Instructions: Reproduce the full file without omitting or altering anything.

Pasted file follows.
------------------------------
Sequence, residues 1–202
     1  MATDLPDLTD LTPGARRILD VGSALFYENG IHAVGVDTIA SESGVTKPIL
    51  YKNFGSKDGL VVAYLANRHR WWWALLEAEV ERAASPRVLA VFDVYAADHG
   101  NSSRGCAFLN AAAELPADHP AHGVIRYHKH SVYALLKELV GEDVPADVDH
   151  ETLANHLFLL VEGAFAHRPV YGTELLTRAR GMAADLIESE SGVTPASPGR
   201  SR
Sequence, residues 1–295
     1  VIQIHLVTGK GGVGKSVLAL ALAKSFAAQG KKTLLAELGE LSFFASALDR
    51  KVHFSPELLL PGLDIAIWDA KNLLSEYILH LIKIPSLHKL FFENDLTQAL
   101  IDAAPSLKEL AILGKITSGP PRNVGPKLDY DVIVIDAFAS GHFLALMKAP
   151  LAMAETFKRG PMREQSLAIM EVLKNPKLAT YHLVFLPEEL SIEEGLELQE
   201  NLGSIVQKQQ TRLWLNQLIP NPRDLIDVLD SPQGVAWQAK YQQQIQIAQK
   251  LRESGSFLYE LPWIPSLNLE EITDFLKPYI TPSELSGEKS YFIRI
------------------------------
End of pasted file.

Sequence, residues 1–202
     1  MATDLPDLTD LTPGARRILD VGSALFYENG IHAVGVDTIA SESGVTKPIL
    51  YKNFGSKDGL VVAYLANRHR WWWALLEAEV ERAASPRVLA VFDVYAADHG
   101  NSSRGCAFLN AAAELPADHP AHGVIRYHKH SVYALLKELV GEDVPADVDH
   151  ETLANHLFLL VEGAFAHRPV YGTELLTRAR GMAADLIESE SGVTPASPGR
   201  SR
Sequence, residues 1–295
     1  VIQIHLVTGK GGVGKSVLAL ALAKSFAAQG KKTLLAELGE LSFFASALDR
    51  KVHFSPELLL PGLDIAIWDA KNLLSEYILH LIKIPSLHKL FFENDLTQAL
   101  IDAAPSLKEL AILGKITSGP PRNVGPKLDY DVIVIDAFAS GHFLALMKAP
   151  LAMAETFKRG PMREQSLAIM EVLKNPKLAT YHLVFLPEEL SIEEGLELQE
   201  NLGSIVQKQQ TRLWLNQLIP NPRDLIDVLD SPQGVAWQAK YQQQIQIAQK
   251  LRESGSFLYE LPWIPSLNLE EITDFLKPYI TPSELSGEKS YFIRI